The system wants you to create subcultures, not change the culture. That is why the coming era of “Digital Platform Censorship” with its related shadowbans, de-listings, and other new tech-savvy ways of becoming an un-person will be so dangerous, to our, ahem dangerous thoughts. I’d call it Orwellian, but that’s a phrase that conjures up 20th-century images of Stalinism and direct government reprisal. What we are seeing is far different, and perhaps more thorough and pernicious in its ability to mold narratives and shape thoughts.
Information is constantly bombarding us. Left, right, center, top, down, it never stops flowing. The ability to curate information has now become as powerful, if not more powerful than absolute control. After all, would it be more beneficial to have your opponents, ideological or otherwise, depicted as an embattled minority fighting for their right to free expression, or a weird fringe group that talks only to itself?
Google is the gateway for most of the “millennial” generation and younger to any thought, let alone dissident thought. Imagine if you will, being de-listed from most of the major search engines on the web. How would anyone but the already converted find out about your ideas? In fact, we here at Radix have already seen a very soft version of this with our own podcast being de-listed from searches by Apple(though the podcast is still available).
The idea of “shadow-banning” on Twitter is another pernicious effect of this censorship 2.0. Breitbart ran a story just recently about how Twitter maintains lists of favored accounts:
According to the source, Twitter maintains a ‘whitelist’ of favoured Twitter accounts and a ‘blacklist’ of unfavoured accounts. Accounts on the whitelist are prioritised in search results, even if they’re not the most popular among users. Meanwhile, accounts on the blacklist have their posts hidden from both search results and other users’ timelines.
This is made all the more ominous with the announcement of the creation of Twitter’s new “Trust and Safety Council” which features such luminaries and distinguished groups as Anita Sarkeesian and the Anti-Defamation League. Twitter functions as a digital agora or forum. But if you’re only talking to yourself or the already converted, the network effect and the ability to inject new narratives is taken away.
Of course, it’s not just in the realm of “radical” right-wing thought where this sort of information curation is taking place. Just recently in a controversy over bullfighting, Facebook declared the centuries-old sport “inappropriate”, which led to some outraged commentary by some of the largest Spaniard media outlets.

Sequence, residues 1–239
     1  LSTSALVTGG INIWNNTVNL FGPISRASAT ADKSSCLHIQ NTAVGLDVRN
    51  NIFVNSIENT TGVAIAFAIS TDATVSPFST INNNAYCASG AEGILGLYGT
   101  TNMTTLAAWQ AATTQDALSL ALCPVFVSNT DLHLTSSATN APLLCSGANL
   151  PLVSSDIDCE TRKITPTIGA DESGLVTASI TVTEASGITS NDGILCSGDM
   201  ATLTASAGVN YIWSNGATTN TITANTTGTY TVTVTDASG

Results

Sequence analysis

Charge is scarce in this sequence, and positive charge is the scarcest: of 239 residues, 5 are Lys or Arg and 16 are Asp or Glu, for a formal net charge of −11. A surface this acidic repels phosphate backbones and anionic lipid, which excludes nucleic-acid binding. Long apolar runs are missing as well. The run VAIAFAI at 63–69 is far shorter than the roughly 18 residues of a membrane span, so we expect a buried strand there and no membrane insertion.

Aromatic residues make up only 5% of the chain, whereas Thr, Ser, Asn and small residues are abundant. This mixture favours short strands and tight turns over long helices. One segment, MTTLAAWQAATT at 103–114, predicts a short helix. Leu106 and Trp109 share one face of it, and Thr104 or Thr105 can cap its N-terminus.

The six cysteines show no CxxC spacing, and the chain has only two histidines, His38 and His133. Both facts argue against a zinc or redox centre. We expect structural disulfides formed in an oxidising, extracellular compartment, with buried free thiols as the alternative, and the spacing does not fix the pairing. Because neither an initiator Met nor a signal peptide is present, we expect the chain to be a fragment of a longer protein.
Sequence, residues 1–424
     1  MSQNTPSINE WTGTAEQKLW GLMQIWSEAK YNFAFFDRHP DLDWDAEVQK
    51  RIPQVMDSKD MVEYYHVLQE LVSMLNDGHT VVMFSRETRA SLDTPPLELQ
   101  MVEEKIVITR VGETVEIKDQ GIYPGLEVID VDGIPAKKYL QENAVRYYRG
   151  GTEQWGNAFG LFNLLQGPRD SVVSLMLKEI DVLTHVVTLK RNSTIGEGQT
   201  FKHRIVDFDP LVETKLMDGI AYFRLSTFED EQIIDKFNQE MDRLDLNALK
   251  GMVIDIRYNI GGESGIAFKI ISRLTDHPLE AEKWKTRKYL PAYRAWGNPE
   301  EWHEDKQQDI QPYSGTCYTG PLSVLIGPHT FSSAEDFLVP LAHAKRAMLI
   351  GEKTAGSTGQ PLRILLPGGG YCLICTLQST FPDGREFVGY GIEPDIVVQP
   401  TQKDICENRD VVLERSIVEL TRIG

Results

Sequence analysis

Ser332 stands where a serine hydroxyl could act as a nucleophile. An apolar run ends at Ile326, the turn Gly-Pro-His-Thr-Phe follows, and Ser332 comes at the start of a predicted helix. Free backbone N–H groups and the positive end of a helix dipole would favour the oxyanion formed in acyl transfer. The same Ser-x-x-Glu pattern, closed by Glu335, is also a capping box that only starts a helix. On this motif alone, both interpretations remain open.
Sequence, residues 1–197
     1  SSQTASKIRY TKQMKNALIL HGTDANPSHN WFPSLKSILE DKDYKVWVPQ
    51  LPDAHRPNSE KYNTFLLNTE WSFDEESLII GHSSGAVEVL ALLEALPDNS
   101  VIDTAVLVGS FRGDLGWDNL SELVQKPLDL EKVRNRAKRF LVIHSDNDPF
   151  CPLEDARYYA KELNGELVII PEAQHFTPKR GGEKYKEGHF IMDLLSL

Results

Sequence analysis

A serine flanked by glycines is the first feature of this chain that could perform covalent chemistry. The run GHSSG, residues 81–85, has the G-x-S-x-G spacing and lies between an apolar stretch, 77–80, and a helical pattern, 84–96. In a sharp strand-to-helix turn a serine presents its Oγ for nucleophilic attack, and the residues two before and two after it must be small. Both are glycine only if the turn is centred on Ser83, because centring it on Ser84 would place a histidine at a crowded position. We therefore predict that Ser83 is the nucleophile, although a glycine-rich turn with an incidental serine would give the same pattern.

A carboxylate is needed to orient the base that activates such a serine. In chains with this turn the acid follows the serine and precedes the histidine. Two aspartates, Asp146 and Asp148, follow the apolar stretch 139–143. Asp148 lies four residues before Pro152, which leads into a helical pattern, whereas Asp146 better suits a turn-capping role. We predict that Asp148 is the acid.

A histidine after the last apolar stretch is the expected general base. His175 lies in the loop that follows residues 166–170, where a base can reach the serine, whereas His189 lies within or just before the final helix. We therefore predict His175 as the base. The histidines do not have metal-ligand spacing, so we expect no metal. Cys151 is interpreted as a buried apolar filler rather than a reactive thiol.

The point is, it’s not the information that’s being curated, it’s you. What you see on the internet and throughout social media is being filtered, and it is not always through your own designs. Thinking about this new relation to pictures, symbols, and memes through technology is important for the big picture of where we are heading as a civilization(Heidegger’s work deserves careful study here).
But, for those of us with ideas our vast Liberal hegemony wants to de-privilege, thinking through censorship 2.0 has become a necessity. Through the cracks may be showing, there is no more dangerous, or unpredictable opponent than one who is on the ropes. Liberalism seems to be moving in that direction.
Its commitment to free speech was merely a mask for its own will to power.
In many ways, the libertarians were right about market efficiency. Only they probably never thought about private entities being more efficient at censorship than any government could be. Moreover, market forces are shaped by the strongest cultural stalking horses of their times.
“SJWs” and others have never been more successful than when they have worked with corporations. Our culture-jamming only works when we are able to interject ourselves into the broader societal narratives. Restricting us from those puts us back at square one.
What is to be done?
Creating our own platforms is usually the first suggestion. While this would undoubtedly help with privacy, and our ability to say what we want, it would not help us reach beyond our current audience. Part of the reason for the expansion of ‘Alt-Right’ ideas in the past year or so has been its ability to memetically infect and spread across information channels in a rapid way. This would be impossible if our online activity starts to be restricted to just our own.
Moreover, it serves the system to see us splintered into a weird subculture that only talks to ourselves. Just look at how they want to “exploit divisions” now. It’s not a stretch to say that as a pond shrinks, the fight for control over it becomes that much more desperate. We shouldn’t play into our enemies games.
The ultimate solution has probably not presented itself yet. Maybe something akin to Richard Spencer’s idea of the internet as a public good is it. But what is important for us now is to be aware of how we are being corralled by the digital/media/information complex that surrounds us.
We’ve made far too impressive of gains in the last year to give it all up for a ghetto!